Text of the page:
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US Opioid Crisis "Didn't Happen Overnight"

December 11, 2018

After President Trump signed the nation’s newest opioid law into effect in October 2018, some people raised questions about whether the legislation would be effective and how opioid addiction became such a big problem in the first place.

As far back as October 2017, Trump declared the U.S. opioid crisis to be a public health emergency under federal law: “I am directing all executive agencies to use every appropriate emergency authority to fight the opioid crisis,” the president said.

So far in 2017, more than 72,000 Americans have died from drug overdose deaths, which is a new record according to the Centers for Disease Control and Prevention. By 2013, according to a study in Medical Care journal, the economic burden of the U.S. opioid crisis had already grown to about $78.5 billion.

Brett Giroir, assistant secretary for health and senior adviser for opioid policy at the Department of Health and Human Services, told Yahoo Finance that there’s “no simple answer” for how the epidemic began.

“It’s taken a couple of decades to get us to this point,” he said. “It didn’t happen overnight.”

Giroir explained that many factors play a part in this crisis, including “the overprescription and inappropriate prescription” of opioid painkillers to patients, the “availability and importation” of low-price, high-potency drugs, and “the role of state and society” in allowing the opioid crisis to build.

David Herzberg, associate professor of history at State University of New York at Buffalo, said that the genesis of this opioid crisis can be traced to the early 20th century.

“A little over a century ago, the American government set up its basic response to drugs of addiction,” he told Yahoo Finance. “The decision was to divide the drug markets into two types: medical and nonmedical.”

These markets, Herzberg said, are used to this day. However, what many don’t realize is that “the people building these categories were the same people who were building Jim Crow racial segregation, campaigning for immigration restriction and implementing eugenic policies.”

Drugs called “medicines” were used by the “kinds of people” that reformers liked — “white people of respectable means,” Herzberg explained. “Drugs that weren’t medicines were ones used by immigrants or African-Americans.”

As a result, “medicines” received less scrutiny and regulation than other drugs because they were thought to be used by “trustworthy” people, he said. Ironically, that evolved into the U.S. opioid crisis when highly addictive “medicines” went mainstream.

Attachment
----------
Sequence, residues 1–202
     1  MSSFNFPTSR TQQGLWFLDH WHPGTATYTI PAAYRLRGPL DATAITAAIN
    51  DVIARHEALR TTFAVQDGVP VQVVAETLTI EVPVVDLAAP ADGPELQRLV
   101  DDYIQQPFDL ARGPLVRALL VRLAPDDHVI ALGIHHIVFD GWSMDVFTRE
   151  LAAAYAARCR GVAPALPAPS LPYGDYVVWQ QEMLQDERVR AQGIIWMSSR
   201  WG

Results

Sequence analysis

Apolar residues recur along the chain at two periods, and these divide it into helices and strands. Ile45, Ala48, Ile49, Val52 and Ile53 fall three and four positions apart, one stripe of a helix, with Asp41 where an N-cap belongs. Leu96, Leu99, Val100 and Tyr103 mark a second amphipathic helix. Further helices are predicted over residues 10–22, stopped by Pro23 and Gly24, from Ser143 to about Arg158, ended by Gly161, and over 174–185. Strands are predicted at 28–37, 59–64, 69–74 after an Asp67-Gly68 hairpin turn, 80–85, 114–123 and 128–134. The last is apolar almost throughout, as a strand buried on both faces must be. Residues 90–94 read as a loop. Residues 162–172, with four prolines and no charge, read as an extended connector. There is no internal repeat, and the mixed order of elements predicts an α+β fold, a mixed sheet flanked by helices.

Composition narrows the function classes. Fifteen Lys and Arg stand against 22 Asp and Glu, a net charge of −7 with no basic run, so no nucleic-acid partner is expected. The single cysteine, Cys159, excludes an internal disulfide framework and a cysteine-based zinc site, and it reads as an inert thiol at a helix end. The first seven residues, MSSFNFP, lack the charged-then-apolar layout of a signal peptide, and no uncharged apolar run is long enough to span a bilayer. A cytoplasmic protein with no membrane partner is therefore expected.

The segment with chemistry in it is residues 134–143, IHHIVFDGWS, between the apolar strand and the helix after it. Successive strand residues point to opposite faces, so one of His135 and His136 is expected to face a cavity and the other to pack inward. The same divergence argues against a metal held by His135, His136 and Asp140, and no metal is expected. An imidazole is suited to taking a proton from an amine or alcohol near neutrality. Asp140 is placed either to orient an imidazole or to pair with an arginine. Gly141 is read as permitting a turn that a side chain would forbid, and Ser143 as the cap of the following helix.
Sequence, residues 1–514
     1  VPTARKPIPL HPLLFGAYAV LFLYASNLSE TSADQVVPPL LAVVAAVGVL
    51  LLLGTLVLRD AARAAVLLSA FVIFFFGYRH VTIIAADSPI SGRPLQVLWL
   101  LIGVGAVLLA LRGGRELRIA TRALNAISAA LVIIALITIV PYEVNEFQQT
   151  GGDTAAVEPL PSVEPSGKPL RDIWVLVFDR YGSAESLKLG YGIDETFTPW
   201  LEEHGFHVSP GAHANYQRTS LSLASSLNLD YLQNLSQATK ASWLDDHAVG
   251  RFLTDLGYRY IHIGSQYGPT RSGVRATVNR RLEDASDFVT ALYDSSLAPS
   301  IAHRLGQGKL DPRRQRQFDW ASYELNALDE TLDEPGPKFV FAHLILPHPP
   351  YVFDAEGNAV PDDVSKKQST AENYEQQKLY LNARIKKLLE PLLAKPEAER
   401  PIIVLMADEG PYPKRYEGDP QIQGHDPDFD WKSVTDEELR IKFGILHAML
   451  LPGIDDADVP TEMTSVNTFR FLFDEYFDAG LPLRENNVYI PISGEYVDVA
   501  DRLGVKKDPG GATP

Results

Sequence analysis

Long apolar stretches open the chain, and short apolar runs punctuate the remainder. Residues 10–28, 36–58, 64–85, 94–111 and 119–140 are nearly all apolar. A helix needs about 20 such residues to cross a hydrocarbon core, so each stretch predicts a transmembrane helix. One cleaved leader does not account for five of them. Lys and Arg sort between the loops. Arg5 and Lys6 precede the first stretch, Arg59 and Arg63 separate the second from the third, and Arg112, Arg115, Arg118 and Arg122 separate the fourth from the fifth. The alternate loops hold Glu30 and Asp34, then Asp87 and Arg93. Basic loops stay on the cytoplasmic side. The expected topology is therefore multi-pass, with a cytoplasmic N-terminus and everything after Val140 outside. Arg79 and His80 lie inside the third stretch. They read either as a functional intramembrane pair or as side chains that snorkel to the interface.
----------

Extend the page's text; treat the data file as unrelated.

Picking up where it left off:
Herzberg detailed the U.S. opioid crisis in the context of the increasing power of the pharmaceutical industry, which had “kept coming up to the door, knocking on it and being turned away” until the 1990s.

In December 1995, the FDA approved a new opioid known as Oxycodone.  According to the National Institute on Drug Abuse, “pharmaceutical companies reassured the medical community that patients would not become addicted to prescription opioid pain relievers, and health care providers began to prescribe them at greater rates.”

There were three reasons that pharmaceutical companies were allowed to sell the drug with few restraints, according to Herzberg.

The first involved the “Reagan revolution,” which involved deregulation and “unleashing the power of business.” He added: “Conservatives argued that the FDA was killing people by taking too long to bring drugs to the markets.”

The second driving force behind the opioid crisis, according to Herzberg, was the rebound of pharma’s reputation. Drugs such as the antidepressant Prozac helped “pharma get its groove back, and had the science behind it.”

The third reason was a movement to “change the way physicians responded to pain as a medical problem,” which in turn led to prescribing opioids to ease the suffering of cancer patients.

“The pharma industry was aware that the [pain management reform] movement existed and put enormous money behind the people pushing for it,” he explained. “What you had was an FDA that was told to get out of the way of the industry.”

And so the pharmaceutical industry’s opportunism, the backing of politicians and federal regulators and the emerging medical consensus that opioids were highly effective for pain management led to opioids taking hold in American society. Furthermore, given the money pouring in from Big Pharma and a green light from D.C., doctors had a financial incentive to prescribe more opioids.

To make matters worse, the synthetic opioid fentanyl began flooding into the US from China over the last decade.

All of this created the dilemma that is the U.S. opioid crisis: Lawmakers, federal regulators, pharmaceutical companies, and doctors must rein in the overprescription of opioids without hurting Americans who legitimately need the drugs.

“Opioids play a unique role in society,” a 2008 medical study observed. “They are widely feared compounds, which are associated with abuse, addiction and the dire consequences of diversion; they are also essential medications, the most effective drugs for the relief of pain and suffering.”

Adriana Belmonte is an associate editor for Yahoo Finance. Follow her on Twitter @adrianambells.

Michael Kelley contributed to this report.

Original article here.

]]>

\n

After President Trump signed the nation\u2019s newest opioid law into effect in October 2018, some people raised questions about whether the legislation would be effective and how opioid addiction became such a big problem in the first place.<\/p>\n\n\n\n\n\n